Five Great Standup Albums You Didn't Know Were Recorded at Comedy Works
Comedy Works has proved to be an ideal setting to record a surprising number of classic standup albums.
The standup comedy album may be overshadowed by the televised special, but there's no better medium for preserving and celebrating the fine-tuned craft of telling jokes. Stripped of the visual pomp of a live performance, standup albums play out in the theater of listeners' minds, putting the emphasis on the strength of the material alone — which is why classic albums from Bob Newhart and Richard Pryor are continually rediscovered by new generations of comedy fans, while Gallagher's are happily forgotten. Smashing watermelons simply doesn't make for great audio.
Comedy Works, the subterranean downtown club with laugh-cradling acoustics and a well-earned reputation for enthusiastic crowds, is the ideal setting for capturing the experience of a live comedy show on an album, transporting listeners from their headphones or car stereos right into the audience. While it's no surprise that Denver-hewn joke juggernauts like Deacon Gray, Josh Blue and Ben Roy recorded albums in the comfort of their home club, even local comedy nerds might be surprised that Comedy Works is a highly sought-after destination for such tapings by national artists, too. Indeed, a number of renowned comics recorded classic and beloved standup CDs right here in Denver, including hugely popular acts like Joe Rogan and Amy Schumer. For proof, check out the the following five albums by comedians' comedians whose material has stood the test of time.
Shallow Happy Thoughts for the Soul
Kathleen Madigan is about as successful as a comedian can be while remaining categorically underrated by the public at large. She's equally at home sharing a bill with Lewis Black and Ron White; her jokes cut across party and class divides; and she's pulled off the rare feat of appealing to everyone without pulling any punches or sparing any targets. Though Shallow Happy Thoughts for the Soul is only her second album, Madigan's comedic voice is thoroughly established here on highlight tracks such as "Mexico," "Smoking" and "Aliens." A comic who can ridicule President George W. Bush — still a dicey prospect in the reactionary political climate of 2002 — yet delight patriotic USO audiences, Madigan is an ace joke writer who had the effortless rhythm of a veteran early in her career. Though she's often won gendered accolades such as the Phyllis Diller award for "Best Female Comedian," a more fitting honor came during her stint on Last Comic Standing, where she remains the only comedian that competitors were unwilling to challenge.
Good Day to Cross a River
"I don't mean to sound sacrilegious, but you think the Pope performed miracles?" begins a typically incredulous Greg Giraldo bit. "He died of a urinary tract infection; he had less magic powers than cranberry juice!" A highly economical wordsmith with a singular facility for precise insults, Giraldo was particularly celebrated for his roasts. Though some of the references and topical material haven't aged well since this album was recorded in Denver in 2006, A Good Day to Cross a River remains an essential document of the comic in his prime, before an overdose in 2010 cut his career tragically short.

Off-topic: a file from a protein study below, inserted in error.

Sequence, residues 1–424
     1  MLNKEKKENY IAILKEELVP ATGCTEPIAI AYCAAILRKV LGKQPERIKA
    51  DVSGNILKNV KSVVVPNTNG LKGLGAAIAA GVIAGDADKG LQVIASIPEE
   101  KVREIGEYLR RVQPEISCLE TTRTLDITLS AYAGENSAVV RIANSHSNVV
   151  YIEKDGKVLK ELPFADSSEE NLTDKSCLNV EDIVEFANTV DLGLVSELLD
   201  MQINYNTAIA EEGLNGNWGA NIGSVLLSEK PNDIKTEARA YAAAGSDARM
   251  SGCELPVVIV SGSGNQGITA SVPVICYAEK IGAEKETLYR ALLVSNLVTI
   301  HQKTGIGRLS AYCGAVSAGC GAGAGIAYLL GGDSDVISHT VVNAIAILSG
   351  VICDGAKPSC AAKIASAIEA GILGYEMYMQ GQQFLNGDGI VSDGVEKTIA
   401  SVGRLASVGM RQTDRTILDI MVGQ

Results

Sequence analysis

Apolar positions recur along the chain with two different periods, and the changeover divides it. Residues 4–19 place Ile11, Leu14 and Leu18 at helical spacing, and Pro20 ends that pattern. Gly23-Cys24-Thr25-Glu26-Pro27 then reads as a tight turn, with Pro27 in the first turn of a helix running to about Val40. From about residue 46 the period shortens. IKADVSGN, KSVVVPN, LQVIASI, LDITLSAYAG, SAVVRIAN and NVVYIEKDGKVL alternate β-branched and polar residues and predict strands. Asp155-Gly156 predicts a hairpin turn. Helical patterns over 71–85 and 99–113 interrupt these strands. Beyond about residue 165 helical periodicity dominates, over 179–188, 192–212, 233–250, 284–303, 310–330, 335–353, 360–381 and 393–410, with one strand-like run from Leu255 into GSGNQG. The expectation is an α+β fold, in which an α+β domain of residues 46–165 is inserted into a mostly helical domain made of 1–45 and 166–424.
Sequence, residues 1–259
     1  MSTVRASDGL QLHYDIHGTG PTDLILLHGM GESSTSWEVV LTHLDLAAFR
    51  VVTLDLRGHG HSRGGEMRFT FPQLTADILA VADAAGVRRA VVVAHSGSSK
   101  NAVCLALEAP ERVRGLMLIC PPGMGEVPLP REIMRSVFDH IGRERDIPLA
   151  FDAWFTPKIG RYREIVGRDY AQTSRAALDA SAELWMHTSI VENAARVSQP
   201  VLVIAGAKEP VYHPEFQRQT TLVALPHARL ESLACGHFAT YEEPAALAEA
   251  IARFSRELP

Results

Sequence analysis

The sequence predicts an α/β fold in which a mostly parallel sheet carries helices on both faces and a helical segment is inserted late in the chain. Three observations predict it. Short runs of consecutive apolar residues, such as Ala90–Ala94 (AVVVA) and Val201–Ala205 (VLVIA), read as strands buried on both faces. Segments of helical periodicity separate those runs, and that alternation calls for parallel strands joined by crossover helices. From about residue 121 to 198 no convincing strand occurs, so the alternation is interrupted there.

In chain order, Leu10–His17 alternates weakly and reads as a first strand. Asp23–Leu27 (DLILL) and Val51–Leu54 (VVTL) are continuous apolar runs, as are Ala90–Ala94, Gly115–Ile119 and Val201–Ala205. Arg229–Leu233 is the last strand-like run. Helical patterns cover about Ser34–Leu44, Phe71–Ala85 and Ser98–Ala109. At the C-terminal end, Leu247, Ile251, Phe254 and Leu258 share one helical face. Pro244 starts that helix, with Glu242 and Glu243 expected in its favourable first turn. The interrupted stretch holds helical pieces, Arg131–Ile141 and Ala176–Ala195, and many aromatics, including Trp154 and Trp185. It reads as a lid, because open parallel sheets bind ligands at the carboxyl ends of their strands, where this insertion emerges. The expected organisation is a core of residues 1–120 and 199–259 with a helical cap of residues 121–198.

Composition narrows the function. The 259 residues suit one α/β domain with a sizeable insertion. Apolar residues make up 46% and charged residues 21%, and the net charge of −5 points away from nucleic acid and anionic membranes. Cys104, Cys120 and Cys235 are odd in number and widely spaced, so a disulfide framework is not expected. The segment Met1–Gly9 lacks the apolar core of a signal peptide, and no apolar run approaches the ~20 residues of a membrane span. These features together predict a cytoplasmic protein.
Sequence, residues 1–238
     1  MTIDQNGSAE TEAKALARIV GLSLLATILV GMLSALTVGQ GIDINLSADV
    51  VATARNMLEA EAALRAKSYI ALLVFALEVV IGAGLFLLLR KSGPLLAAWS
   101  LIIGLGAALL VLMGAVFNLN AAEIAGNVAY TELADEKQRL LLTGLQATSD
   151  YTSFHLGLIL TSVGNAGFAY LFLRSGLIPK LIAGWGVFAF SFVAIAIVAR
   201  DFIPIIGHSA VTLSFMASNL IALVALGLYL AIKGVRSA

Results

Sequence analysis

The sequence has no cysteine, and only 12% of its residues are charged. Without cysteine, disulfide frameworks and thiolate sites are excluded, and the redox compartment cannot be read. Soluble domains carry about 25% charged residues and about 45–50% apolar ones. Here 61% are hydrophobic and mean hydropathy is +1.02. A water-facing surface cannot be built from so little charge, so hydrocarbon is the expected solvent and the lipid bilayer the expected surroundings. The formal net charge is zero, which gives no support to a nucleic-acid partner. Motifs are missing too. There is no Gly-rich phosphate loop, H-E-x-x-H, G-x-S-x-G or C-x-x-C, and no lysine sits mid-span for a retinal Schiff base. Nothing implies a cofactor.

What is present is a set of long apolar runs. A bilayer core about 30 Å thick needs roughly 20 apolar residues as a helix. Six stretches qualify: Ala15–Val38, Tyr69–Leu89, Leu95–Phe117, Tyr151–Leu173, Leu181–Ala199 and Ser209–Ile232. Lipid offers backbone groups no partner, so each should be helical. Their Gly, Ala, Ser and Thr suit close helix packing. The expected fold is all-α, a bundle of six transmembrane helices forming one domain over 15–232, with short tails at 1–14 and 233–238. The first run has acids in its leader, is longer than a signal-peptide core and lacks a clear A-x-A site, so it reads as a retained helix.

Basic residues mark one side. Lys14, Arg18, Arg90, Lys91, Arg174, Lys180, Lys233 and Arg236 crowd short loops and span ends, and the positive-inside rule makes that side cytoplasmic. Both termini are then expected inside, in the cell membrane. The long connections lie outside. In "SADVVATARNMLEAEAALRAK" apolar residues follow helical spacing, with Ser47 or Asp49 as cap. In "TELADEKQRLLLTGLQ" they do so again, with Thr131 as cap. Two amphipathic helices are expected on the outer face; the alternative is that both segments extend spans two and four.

The Funches of Us
Ron Funches' rise from alt-comedy darling to a film and television star happened rapidly over the space of a few years. While his co-starring roles in Get Hard and the NBC sitcom Undateable have introduced an entirely new audience to Funches's singular charms, he shines brightest as a comedian. The Funches of Us unleashes an onslaught of punchlines, swaddled in his gentle lilt; his standup is infectiously delightful. Despite some behind-the-scenes strife between the club and Comedy Central Records, the result of their joint effort is a perfect auditory showcase for Funches' jokes, which would feel incomplete without the instantly recognizable guffaw of Denver comedy super-fan Dave Caldwell, whose contagious cries of "HA!" are preserved here for eternity.
Perennially clad in evening dresses and her signature opera gloves, Natasha Leggero brings much-needed glamour to the schlub-filled world of standup comedy. Fashion aside, Leggero has built a career mining the incongruity between her lavish appearance and her savage wit that brings peals of surprised laughter. On Coke Money, Leggero's jokes are sharper than a line-chopping razor, particularly on such standout tracks as "Girl, You Ain't Got No Arms" and "Crackheads." Recorded in 2011, Coke Money features Leggero at her fiercest and funniest, right on the cusp of her career breakout. After a series of memorable guest roles, early last year Leggero landed her own hilarious Comedy Central series Another Period, and released her latest one-hour special, Natasha Leggero: Live at Bimbos.
Skanks for the Memories
Dave Attell's Skanks for the Memories is fondly remembered as not only a career highlight for the quintessential New York club comic, but as one of the best standup albums of all time. Taking the Comedy Works stage in 2003, before a particularly soused and feisty crowd, Attell storms the dungeons of good taste, evoking guttural, almost involuntary chortles with his sneak-attack punchlines. While topical material about Girls Gone Wild hasn't aged well, Attell's legendary crowd work and punchy tales of drunken debauchery are timeless. After spearheading the sorely-missed cult favorite TV shows Insomniac and Dave's Old Porn, Attell seems less and less interested in mainstream media these days; he's content to stay just visible enough to keep selling tickets. It's television's loss but comedy's gain: Attell is one of the form's true purists, a degenerate laureate who's never more at home than he is here in Comedy Work's subterranean joke mine.
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